It’s Thanksgiving week!  Did you hear about the lady trying to buy a turkey for Thanksgiving? A lady was looking for a turkey but couldn’t find one big enough. She asked the stock boy, “Do these turkeys get any bigger?” The stock boy replied, “No they’re dead.” Let the groans begin… J

The third chapter of the book of Colossians is stuffed full of what I call the Attitudes of Gratitude.  As our culture is trying to pass-by Thanksgiving to get to Christmas, we must take time to stop and count our blessings.  Epaphras, the young pastor who was shepherding the church at Colossae, was setting the table with the reality that many blessings come in the form of attitudes we choose to adorn.  Young Epaphras squashed the idea that only valuable blessings come in the form of things, but he insists there are some spirit-filled attitudes we can embrace daily.  At the centerpiece of chapter three we find a challenge to “put on” certain attitudes of gratitude.  One of the attitudes that is addressed is the attitude of kindness.  The recipe for kindness is practically taught throughout the New Testament in word and in deed.  Here are four words that are associated with kindness in scripture; Hospitable (Titus 1:8), Preferring another before ourselves (Romans 12:10), to Bear another’s burdens (Galatians 6:2), and Putting the needs of others before our own (Matthew 5:44).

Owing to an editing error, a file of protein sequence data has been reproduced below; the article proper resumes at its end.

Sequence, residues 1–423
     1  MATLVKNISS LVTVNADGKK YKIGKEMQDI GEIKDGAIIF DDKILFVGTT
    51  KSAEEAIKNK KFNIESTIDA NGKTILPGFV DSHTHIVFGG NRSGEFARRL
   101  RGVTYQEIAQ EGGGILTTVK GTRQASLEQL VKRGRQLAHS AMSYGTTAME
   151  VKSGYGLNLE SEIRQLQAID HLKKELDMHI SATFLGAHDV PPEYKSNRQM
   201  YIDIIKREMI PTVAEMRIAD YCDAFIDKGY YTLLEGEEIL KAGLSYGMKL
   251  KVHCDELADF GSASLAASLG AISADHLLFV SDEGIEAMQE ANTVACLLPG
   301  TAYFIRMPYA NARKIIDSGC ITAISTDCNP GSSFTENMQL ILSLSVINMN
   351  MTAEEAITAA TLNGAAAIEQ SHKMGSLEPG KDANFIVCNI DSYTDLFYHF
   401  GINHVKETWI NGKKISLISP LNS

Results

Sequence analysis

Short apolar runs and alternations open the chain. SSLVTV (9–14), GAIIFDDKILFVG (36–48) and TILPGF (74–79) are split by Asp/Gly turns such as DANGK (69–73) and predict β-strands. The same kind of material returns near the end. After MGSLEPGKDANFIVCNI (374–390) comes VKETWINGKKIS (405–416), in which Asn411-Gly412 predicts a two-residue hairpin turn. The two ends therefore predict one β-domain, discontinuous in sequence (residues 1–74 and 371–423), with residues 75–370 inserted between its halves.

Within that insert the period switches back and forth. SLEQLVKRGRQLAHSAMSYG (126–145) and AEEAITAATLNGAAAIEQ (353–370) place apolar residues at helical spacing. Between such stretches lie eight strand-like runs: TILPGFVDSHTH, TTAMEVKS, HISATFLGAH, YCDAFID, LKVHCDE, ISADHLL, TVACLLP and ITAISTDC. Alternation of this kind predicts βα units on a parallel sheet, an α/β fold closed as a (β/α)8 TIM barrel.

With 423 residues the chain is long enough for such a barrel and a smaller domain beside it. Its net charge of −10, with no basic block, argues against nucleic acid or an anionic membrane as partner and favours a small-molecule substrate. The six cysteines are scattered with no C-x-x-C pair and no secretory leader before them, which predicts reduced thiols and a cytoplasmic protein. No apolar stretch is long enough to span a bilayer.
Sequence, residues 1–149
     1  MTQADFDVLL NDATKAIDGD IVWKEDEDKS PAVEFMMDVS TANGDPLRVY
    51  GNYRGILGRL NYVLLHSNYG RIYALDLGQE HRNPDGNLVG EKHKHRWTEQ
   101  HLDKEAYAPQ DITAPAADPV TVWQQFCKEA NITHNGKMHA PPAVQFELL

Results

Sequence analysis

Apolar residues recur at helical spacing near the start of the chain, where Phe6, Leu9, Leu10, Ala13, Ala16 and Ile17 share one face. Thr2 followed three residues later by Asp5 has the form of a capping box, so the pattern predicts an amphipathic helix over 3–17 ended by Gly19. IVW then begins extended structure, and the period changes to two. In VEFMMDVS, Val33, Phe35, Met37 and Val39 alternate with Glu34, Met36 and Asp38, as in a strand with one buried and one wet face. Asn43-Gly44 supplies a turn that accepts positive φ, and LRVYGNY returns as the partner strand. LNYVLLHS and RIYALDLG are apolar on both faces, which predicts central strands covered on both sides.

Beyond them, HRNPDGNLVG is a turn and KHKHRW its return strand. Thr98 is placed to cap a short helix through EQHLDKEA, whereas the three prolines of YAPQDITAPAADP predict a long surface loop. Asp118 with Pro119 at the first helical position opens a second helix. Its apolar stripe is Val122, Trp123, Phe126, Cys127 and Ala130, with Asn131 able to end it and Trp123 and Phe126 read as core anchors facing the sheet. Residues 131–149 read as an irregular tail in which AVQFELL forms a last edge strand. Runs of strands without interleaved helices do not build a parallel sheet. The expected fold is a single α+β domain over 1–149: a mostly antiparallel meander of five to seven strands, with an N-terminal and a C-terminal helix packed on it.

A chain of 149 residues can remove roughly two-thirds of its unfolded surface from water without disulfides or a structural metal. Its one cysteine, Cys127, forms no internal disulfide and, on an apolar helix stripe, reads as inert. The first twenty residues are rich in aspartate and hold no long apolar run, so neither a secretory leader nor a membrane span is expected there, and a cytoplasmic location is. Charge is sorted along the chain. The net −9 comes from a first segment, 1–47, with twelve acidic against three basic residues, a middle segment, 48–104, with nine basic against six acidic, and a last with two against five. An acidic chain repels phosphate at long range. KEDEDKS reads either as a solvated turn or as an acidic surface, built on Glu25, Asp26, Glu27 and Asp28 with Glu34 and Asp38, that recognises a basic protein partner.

I think Mark Twain was onto something when he said, “Kindness is the language which the deaf can hear and the blind can see.”

As we observe the changing of the leaves, may we be willing to ask ourselves if there is an attitude or attitudes that we need Christ to change in us?

I love the short story about Mamie Adams, considering her experience; “Mamie Adams always went to a branch post office in her town because the postal employees there were friendly. She went there to buy stamps just before Christmas one year and the lines were particularly long. Someone pointed out that there was no need to wait in line because there was a stamp machine in the lobby. “I know,” said Mamie, ‘but the machine won’t ask me about my arthritis.”